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Designed censorship in Facebook's fake news flag

over 4 years ago from , subpixel.space

Hey, I wrote an essay about the Facebook's "solution" Facebook is pursuing in response to the 'fake news' debacle that has been plaguing the news cycle. It gets into the deep specifics of the UI and the flagging process, and places these things in the context of greater sociocultural trends including how the language of fake news is being used.

http://subpixel.space/entries/bad-interface-politics-in-facebooks-fake-news-filter/

I believe it's important that this sort of extremely influential design decision be discussed and critiqued in public, and have a healthy critical dialogue reach designers and product people at Facebook. Would love to start by opening the floor here to thoughts

4 comments

  • Brand Winnie, over 4 years ago (edited over 4 years ago )

    Delete your facebook and get others too as well.

    It's not worth it and they are literally trying to control peoples minds by feeding them the news that they deem as truthful.

    2 points
    • Sean SchraederSean Schraeder, over 4 years ago

      You can't escape the censorship; "Fake news" isn't just a facebook thing, its a concept put forth by the government and media at large.

      0 points
  • Thomas PalumboThomas Palumbo, over 4 years ago

    Well written piece but aren't you basing this all off of the assumption that FB has to be involved in the curation?

    Why can't the third party review all articles that are posted?

    Why assume a neutral third party is corrupt in the first place?

    The community can flag a post, it's sent for review, and it simply shows other users a warning. I'm not entirely sold that this is flawed.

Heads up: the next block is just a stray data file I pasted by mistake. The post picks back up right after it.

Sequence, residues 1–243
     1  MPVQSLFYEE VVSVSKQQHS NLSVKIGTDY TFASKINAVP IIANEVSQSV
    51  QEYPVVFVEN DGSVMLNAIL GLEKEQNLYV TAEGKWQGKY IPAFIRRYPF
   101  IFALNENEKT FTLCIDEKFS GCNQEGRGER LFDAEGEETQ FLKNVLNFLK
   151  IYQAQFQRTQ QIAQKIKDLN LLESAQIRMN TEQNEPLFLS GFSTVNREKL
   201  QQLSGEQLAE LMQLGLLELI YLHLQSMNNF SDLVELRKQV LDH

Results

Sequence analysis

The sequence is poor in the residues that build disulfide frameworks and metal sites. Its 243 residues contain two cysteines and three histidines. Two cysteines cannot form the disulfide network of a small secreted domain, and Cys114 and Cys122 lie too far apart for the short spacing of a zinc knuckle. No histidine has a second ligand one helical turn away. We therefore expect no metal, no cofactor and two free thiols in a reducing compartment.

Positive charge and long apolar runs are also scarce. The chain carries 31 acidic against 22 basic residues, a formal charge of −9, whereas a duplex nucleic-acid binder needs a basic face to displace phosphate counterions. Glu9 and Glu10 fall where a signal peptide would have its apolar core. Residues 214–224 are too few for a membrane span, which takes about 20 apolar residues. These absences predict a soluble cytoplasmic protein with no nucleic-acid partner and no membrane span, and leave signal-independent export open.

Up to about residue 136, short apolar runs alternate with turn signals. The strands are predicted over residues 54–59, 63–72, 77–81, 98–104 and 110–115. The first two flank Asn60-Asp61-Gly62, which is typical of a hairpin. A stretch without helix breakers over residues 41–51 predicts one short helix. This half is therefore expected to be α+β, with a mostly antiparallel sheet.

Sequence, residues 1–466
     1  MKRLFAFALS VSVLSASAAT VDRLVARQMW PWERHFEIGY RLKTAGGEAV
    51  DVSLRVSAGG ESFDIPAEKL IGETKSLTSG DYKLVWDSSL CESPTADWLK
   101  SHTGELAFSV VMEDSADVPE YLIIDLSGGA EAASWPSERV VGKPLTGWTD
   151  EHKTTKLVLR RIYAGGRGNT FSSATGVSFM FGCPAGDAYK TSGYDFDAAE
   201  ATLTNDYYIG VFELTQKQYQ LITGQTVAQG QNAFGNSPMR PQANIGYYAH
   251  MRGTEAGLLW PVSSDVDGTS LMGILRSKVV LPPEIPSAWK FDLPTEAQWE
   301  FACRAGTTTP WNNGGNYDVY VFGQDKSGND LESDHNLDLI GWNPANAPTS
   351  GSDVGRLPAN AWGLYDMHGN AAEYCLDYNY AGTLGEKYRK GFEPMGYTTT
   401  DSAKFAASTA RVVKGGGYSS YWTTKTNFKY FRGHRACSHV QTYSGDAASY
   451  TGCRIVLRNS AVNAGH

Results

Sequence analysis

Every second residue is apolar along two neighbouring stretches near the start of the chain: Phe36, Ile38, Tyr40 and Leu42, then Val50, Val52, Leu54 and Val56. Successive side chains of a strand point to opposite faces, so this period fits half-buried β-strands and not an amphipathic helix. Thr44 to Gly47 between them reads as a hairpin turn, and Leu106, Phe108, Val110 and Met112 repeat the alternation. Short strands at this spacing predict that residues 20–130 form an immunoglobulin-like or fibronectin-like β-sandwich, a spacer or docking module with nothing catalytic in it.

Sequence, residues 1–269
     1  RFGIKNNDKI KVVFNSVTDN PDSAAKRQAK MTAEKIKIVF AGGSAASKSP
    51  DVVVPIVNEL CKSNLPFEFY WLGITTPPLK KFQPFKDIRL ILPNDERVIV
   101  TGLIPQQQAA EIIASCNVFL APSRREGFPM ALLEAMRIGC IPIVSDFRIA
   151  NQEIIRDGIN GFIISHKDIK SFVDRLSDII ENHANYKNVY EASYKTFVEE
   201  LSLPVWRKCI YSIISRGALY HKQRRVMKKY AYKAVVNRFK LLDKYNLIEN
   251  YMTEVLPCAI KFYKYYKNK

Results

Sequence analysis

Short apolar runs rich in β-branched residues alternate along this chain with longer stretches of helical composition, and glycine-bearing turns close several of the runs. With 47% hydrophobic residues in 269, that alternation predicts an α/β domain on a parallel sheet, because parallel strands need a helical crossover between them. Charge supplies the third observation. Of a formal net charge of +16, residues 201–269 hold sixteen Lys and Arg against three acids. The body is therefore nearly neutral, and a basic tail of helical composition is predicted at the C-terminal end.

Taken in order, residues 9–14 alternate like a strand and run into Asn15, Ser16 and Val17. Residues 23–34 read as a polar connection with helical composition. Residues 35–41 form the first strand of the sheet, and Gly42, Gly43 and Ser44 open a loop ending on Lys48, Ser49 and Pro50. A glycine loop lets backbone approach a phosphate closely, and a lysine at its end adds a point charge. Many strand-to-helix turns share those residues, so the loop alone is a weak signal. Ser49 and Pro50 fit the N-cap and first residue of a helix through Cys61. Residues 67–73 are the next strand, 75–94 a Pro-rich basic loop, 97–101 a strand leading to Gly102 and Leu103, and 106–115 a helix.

0 points
    • Toby Shorin, over 4 years ago (edited over 4 years ago )

      Hey Thomas, thanks for reading and for the comment. Let me address some of your thoughts:

      Why can't the third party review all articles that are posted?

      3rd parties cannot review all articles that are posted because there is simply too much content on the internet. What happens if people start abusing the report feature? See my second graphic.

      Why assume a neutral third party is corrupt in the first place?

      I don't believe I have made this assumption anywhere in my piece, can you point me to where my language may have been misleading?

      aren't you basing this all off of the assumption that FB has to be involved in the curation?

      Yes I am. That is the point of the whole post—that Facebook is already the tacit curator of this information, and by changing just a few of the inputs (platform abuse, recently passed propaganda laws, etc) they are poised to become the explicit manipulator.

      Let me know if this has answered any of your questions!

      0 points